We continue publishing interviews with public figures on climate change processes. Our interviewee is Honoured Culture Figure of Armenia, founder of Yerevan State Chamber Theater, its Art Director and General Director, playwright Ara Yernjakyan.
Mr. Yernjakyan, which environmental problems are you most worried about?

- I am a human being and I am concerned with all environmental problems. It’s certainly difficult to overcome natural disasters, but there are environmental problems we can solve. For example, tree logging which acquires wide-scale nature. 

When you hear about environmental problems, you start realizing how unprotected you are. We mercilessly develop our soils and pollute environment thereby creating hazards for us, and most importantly, for our generation. Maybe we won’t feel impact of waste burial sites ourselves, but further generation will start cursing us and say, “What have you done? Why have you built these waste burial sites that exist for millenniums?” This means, we bear responsibility for them for a millennium. 
What are your concerns worldwide?

We eye witnessed how Europe, as a matter of fact, was flooded. We may have done something wrong and now we are punished. We must change ourselves, and then nature will be more disposed to us. None of animals, be it a crocodile or a wolf, treat nature like people. The lion leaves some part of its trophy for smaller animals to be satiated as well. One people can never get satiated. I mean the common problem of coexistence with nature. I think nature surely notices all this and punishes all us. Maybe the Great Flood has already started today, just we give it another name. We should think over building an Ark to save the planet.
Are you inspired by nature and environment in your creative activities?

A beautiful sunset or sunrise is already a source of inspiration. But unfortunately current disasters have huge impact leaving negative sensations. In our performances (on the stage) we also depict nature, both trees and felling and even flood. As far as possible we try to show and make out audience understand that nothing occurs without leaving a trace. We say if people in our city start acting more wisely, the evil will disappear. It’s the top priority of our theatre and art in general.      
You have a monument to cut down trees in the garden of your theater.

Everything that had happened impacted us very badly. I can understand we had to survive anyway, to keep us warm and to prepare something to eat in those terrible years. That’s why we have established that little monument to cut down trees.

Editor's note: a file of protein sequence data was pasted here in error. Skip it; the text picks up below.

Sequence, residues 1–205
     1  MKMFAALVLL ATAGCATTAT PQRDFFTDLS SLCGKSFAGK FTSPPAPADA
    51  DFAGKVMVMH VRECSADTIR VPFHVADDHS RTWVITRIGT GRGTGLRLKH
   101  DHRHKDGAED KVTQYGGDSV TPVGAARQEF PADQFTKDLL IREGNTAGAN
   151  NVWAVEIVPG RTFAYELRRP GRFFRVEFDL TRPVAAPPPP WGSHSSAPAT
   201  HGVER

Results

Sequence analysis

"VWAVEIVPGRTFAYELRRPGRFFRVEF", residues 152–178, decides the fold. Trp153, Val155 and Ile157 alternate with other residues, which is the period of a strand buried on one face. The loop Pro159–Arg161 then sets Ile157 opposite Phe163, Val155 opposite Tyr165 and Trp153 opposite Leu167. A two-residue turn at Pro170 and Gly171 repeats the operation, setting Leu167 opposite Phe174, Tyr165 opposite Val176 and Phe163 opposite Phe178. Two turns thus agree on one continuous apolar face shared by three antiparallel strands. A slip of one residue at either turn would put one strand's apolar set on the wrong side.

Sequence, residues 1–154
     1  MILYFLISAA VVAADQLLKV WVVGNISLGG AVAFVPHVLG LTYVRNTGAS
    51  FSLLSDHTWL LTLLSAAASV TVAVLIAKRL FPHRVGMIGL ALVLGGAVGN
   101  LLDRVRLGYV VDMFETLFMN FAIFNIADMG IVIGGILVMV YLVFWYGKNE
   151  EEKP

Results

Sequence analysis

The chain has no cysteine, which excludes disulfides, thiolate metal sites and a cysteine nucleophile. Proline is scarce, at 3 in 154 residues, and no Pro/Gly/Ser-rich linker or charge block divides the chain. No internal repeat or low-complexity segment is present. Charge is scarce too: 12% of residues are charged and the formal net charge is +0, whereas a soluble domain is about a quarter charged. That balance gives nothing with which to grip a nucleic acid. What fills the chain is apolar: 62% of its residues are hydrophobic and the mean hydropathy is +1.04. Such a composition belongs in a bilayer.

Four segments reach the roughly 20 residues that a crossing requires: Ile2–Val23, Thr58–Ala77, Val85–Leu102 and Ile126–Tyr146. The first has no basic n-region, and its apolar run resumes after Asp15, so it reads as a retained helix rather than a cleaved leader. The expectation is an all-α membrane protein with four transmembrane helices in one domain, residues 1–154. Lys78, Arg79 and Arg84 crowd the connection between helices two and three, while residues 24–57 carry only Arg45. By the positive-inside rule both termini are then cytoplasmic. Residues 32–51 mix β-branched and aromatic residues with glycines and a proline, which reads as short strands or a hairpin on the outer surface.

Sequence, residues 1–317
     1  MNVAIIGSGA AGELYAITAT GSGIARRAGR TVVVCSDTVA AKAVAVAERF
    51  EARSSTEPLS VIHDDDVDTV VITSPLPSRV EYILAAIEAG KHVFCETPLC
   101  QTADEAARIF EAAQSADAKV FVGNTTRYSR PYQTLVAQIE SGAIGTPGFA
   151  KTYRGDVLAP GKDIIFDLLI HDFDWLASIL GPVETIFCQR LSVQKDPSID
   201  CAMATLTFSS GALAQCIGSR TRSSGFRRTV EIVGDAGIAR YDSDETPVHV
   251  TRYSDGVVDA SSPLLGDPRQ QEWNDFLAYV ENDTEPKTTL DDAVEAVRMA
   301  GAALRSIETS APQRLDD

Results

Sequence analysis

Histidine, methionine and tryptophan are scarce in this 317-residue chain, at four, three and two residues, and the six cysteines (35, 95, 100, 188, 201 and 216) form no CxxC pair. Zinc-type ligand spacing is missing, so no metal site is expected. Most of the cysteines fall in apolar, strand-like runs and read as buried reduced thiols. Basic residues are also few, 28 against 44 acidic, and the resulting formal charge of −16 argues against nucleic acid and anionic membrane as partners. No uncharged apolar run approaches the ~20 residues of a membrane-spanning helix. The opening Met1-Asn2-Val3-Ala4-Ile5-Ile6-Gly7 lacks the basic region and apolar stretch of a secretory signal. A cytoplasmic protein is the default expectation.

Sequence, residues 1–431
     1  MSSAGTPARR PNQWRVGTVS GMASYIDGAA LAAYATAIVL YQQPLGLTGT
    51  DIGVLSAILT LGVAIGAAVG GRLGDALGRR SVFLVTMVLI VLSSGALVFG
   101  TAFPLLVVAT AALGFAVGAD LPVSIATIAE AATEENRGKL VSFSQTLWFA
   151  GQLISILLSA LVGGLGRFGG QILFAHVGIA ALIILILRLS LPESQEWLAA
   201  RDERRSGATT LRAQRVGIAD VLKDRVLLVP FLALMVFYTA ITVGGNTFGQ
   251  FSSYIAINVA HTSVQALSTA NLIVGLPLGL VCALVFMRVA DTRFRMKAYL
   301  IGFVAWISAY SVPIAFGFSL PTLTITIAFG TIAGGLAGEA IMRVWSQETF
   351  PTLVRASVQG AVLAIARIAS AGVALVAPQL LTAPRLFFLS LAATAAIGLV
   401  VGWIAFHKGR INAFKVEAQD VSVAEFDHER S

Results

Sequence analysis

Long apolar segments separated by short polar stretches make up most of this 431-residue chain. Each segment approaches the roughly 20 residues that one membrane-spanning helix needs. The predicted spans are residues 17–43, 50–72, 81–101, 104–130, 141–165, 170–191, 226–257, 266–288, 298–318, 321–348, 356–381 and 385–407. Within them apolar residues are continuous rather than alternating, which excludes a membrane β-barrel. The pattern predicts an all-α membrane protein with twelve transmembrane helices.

But at present felling has drastically increased. What’s your attitude towards this?

If to be honest, I didn’t know about it, but what you said is very sad. Without trees Yerevan and Armenia will turn into a desert, whereas we are not ready to survive in a desert. I hope we won’t let it happen. I’m optimistic and think we mustn’t repeat our mistakes.
Politicians, scholars etc speak about climate changes and predict disasters. Do you feel these changes and how they are noticeable for you?

We are really experiencing very hard time, but nothing happens besides talks. The whole world must seek to find a solution. We must treat each version wisely, discuss and make it out what is going on and how we should overcome.
Unlike other countries, weather in Armenia is favorable. Can we say that climate is behaving kindly towards us?

You know there is some danger behind that. When we watch flood in Spain or Mexico on TV, all this seems us so far, as if nothing matters. But we forget how small our planet is where a spacecraft can round the whole planet for 45 minutes. That is we live in a microenvironment and everything going on in Spain may happen in Armenia even tomorrow. It’s not right to look down and say we live in Armenia and we don’t have any problems.
How can art and culture contribute to the preservation of environment?

For some time we lost out ties with the youth. Our top priority is to bring up a citizen in the complete sense of this word. I again come back to our ties with the space. If society is kind and warmth is created in the city not only with the help of fireplaces, but comes from our hearts, we will have fine weather in our city and in the whole world.
To what extent are you willing to change your lifestyle in order to preserve nature?

I think what I’m doing, to some extent, influences on nature preservation. I am willing to do much more, if a new problem arises.

January 12, 2011


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